1I do not own InuYasha or any of the characters created by Rumiko Takahashi
Down in the village, Kimi stepped outside of her house, a basket of laundry in her arms, to find her husband sitting on the ground.
"I didn't know you were still out here," she said, walking over to him. "It was so quiet I thought you might have gone to the fields."
"Probably where I ought to have gone," Eiji said, looking up at her briefly before dropping his eyes back to the ground, where the fragments from his daughter's bowl were scattered. "Or at least found a tree to take a nap under. Somehow, though, I just can't seem to get up. I keep thinking of how Michio was last night over at Toshiro's. I'd have been home a lot earlier, but he wouldn't let me go." He picked up a fragment of the bowl. "This isn't the only thing she broke, you know?"
"I know," Kimi said. She rested a hand on his shoulder.
He covered her hand with his. "It's pretty quiet in there."
"There wasn't much to say." She uncovered her hand, and gave his hand a squeeze before moving hers back to the basket. "What do you say to all of that?"
"Don't ask me." Eiji put the fragment back down next to the others. "I'm just a farmer, not a philosopher. Or a wizard."
Kimi put her basket down. "I...I...She asked me to let her go. I told her that I would obey my husband on this, then grabbed the laundry basket." Gracefully, she knelt down on the ground next to him. "I don't really want to wash clothes, but I . . . I couldn't stay in the same place any more. I'm sorry."
Something in Kimi's voice, an almost broken sound, made him look up again at his wife, and he wrapped an arm around her. "It's not your job to keep watch with her, woman. Why do you look like you think you've done something wrong?"
She leaned against him. Their cat wandered up, rubbed against her, and jumped in her lap. "I..." she started, and let her fingers drift over the cat's soft fur. Curling into a ball, it began to purr. "I know I didn't do anything wrong."
"If anything, wife," Eiji said, tucking a bit of hair back under Kimi's scarf, and giving the bow over her forehead a playful little tug, "you've been a goddess of mercy to her at her most needful."
"I...I just . . . what good does it do?" Kimi looked up at Eiji, studying his eyes. "I feel so frustrated. She always has to do the grand gesture."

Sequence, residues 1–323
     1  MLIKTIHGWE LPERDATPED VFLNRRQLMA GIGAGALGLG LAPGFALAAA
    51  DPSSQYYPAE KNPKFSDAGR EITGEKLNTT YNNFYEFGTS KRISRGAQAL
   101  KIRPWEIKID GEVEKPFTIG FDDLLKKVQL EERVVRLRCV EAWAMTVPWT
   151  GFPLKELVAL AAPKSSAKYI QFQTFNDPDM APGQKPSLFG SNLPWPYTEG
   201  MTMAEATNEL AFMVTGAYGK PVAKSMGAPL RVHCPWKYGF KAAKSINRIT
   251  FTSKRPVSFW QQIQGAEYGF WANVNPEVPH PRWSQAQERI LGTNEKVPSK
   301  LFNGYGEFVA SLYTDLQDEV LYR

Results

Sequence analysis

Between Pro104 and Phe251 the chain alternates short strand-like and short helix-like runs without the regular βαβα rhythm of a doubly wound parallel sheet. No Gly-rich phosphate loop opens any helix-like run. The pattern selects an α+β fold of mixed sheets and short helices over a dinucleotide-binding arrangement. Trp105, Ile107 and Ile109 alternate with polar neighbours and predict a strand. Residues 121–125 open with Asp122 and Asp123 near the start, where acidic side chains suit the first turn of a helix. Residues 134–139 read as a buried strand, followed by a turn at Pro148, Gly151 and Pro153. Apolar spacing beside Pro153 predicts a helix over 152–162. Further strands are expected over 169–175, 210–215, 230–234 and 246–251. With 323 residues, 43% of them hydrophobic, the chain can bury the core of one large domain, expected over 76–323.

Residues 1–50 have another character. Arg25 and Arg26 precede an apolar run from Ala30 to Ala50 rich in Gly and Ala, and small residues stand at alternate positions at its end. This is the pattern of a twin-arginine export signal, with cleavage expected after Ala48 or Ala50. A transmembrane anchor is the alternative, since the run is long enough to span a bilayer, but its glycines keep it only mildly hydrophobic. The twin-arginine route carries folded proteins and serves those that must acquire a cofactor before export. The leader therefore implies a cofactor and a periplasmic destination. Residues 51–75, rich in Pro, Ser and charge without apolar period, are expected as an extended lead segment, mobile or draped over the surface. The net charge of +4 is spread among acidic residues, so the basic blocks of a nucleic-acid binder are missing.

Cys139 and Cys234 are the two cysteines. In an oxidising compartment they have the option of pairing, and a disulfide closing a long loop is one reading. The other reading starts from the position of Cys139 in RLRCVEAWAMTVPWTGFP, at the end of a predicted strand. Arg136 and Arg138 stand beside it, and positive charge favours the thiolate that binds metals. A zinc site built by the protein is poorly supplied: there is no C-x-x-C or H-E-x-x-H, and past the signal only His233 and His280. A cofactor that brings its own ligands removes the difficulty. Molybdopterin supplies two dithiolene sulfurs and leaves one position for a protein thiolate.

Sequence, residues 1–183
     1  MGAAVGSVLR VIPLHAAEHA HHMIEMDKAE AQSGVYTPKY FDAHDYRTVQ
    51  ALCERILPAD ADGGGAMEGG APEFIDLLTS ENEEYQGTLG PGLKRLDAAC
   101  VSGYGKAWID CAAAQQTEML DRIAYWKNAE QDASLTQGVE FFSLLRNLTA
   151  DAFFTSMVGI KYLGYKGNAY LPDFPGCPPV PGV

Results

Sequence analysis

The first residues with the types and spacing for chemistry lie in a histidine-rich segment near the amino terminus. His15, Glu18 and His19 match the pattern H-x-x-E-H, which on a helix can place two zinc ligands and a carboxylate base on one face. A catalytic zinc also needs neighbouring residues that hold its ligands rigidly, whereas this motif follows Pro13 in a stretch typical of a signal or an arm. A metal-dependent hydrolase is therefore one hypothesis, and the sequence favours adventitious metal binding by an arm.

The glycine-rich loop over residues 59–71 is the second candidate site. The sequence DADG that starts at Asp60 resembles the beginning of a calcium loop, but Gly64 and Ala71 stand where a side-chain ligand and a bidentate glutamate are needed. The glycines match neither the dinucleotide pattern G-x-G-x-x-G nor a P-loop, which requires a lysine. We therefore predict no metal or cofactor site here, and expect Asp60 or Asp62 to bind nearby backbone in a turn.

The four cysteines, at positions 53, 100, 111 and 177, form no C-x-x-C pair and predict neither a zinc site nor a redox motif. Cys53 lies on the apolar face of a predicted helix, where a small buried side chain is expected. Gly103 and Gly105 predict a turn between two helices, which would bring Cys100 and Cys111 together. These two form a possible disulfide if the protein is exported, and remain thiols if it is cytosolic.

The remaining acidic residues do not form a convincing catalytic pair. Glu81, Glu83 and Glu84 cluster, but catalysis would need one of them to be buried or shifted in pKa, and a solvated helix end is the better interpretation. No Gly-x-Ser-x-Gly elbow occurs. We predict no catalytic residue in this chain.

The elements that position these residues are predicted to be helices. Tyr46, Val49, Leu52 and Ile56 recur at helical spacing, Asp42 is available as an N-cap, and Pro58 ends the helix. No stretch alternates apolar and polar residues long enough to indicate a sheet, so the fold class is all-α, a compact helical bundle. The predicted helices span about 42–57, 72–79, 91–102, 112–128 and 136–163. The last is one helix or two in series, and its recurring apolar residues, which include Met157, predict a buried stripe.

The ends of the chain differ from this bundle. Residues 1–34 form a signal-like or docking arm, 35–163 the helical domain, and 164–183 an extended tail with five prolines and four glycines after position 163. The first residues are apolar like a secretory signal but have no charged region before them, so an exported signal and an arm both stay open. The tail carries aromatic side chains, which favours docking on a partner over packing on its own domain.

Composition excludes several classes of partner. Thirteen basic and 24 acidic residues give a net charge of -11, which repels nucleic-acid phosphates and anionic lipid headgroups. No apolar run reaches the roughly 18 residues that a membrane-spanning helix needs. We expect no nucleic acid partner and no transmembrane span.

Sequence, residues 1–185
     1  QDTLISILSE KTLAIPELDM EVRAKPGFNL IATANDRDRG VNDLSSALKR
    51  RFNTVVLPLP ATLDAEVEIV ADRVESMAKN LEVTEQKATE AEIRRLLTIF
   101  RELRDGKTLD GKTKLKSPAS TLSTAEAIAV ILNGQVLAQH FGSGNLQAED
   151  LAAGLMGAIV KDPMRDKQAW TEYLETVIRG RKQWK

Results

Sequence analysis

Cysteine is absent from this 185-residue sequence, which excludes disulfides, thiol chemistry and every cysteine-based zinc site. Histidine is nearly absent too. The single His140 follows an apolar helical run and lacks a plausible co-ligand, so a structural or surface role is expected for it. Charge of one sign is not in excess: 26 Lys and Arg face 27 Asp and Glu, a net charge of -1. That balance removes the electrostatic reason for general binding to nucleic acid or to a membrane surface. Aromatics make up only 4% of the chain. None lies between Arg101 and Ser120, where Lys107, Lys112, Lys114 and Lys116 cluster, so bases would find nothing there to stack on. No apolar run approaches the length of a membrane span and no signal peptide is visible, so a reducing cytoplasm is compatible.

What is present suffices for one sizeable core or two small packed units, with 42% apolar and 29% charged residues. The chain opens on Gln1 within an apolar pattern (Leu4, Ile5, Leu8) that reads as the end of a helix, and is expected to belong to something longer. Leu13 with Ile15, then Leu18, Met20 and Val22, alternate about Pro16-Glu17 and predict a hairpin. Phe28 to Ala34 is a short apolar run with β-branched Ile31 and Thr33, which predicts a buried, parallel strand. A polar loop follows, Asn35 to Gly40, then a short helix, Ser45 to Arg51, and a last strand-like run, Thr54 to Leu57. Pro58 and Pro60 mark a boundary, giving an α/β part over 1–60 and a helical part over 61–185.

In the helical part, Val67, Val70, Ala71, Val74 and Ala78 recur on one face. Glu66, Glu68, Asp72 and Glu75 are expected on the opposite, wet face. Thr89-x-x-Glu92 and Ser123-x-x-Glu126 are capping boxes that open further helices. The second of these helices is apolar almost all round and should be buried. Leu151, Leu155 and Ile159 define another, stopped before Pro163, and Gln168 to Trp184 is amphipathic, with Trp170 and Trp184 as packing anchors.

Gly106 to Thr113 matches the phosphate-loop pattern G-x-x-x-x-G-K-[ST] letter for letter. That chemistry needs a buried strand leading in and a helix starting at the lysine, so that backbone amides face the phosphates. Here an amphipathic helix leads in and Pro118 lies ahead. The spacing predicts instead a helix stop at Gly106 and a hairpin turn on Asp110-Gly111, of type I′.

"She always has," Eiji said. "Ever since we were young. It's always been about her." He kissed his wife on the forehead, and as he leaned forward, the cat arched and jumped up and out of Kimi's lap. "I remember the day she spoiled your sewing because Haname-obasan thought you had done the best that week at the girl's sewing circle."
"I remember, I remember," Kimi said, nodding. "I was eleven. I was making a festival kosode for Nahoi. It was pretty fabric, stamped with white and blue flowers on red. Chichi-ue had bought the fabric, even, instead of Haha-ue making it. And Chiya was jealous her mother said something nice to me, and she pretended to trip and dropped her scissors on it and put a hole in the sleeve."
"Shame for her than her okaasan saw what was going on," Eiji said.
"I do believe it was a month before Chiya-chan was allowed back in the sewing circle," Kimi said, leaning back into her husband's arms. "And it didn't stop me from finishing. Haha-ue showed me a way to make a piecework sleeve that looked very nice on my sister."
Eiji rested his cheek on the top of his wife's head. "I never understood why you kept being nice to her."
"I just felt sorry for her," Kimi said, sighing. "She wanted people to like her so much, but she kept doing things like that. I guess I hoped that if someone really treated her like a friend, she'd learn how to be a friend." She sat back up. "Just when you think that maybe it's sinking in, she has to do go and pull another grand gesture." Kimi met her husband's eyes, questioning him. "Was it me? Was I not good enough at showing her how to do it right?"
He pulled her back into his arms. "You, woman, are like Kwannon of the hundred hands, always there with fresh compassion. But sometimes, it's not your fault. The other person has to make the choice to learn from that."
She covered her eyes with her hand. "But . . . but . . . " Her voice began to choke up. "When she did that today . . . "
Suddenly, Kimi was weeping, and wrapping her arms around her husband. "I couldn't do anything. She wanted to kill herself in my daughter's sleeping place and all I could think of was that old kosode she tried to ruin, and how she was going to ruin another with her acting out, and how the blood would be so hard to clean up." She looked up. "How could I think like that?"
Eiji sighed. "Sometimes, I guess, it's just the way our minds behave. Maybe your soul was trying to protect you from what almost happened." He kissed the top of her head again. "I want you to go to your okaasan's house. Or at least to Haha-ue's. I don't want you going back in there today." He let her go and stood up, then offered her a hand.
She took it, and let him tug her up. "But . . . but what about Chiya-chan?"
"She'll hold," Eiji said. "She's damn lucky I don't drag her off to Tameo-sama's house and put her in the lockup."
Kimi shuddered. "That's such an awful little building."
"Which is why I don't, woman." Eiji pulled his wife into a hug. "You go and relax with our children. See if you can get Jiro to do some work in the fields, maybe. Help your mother and sister with their dyeing. Stay there until I get back. Or, if it'd make you feel better, go to the temple, or anything else but go inside."
Kimi lifted up a hand and touched Eiji's cheek, gave him a small, bittersweet smile, and nodded. "But you, what are you going to do?"
"I'm going to find Tameo and Tsuneo, and tell them I want my home back. I want to be able to sit there with my wife and children without listening to a stupid, selfish woman driving us apart. I want her to go away so I can come home." He pulled her close once more. "I have no pretensions about being Kwannon. My compassion is not as deep as yours, wife. Right now, I feel more like Bishamon with his spear, ready to smite the evil doers."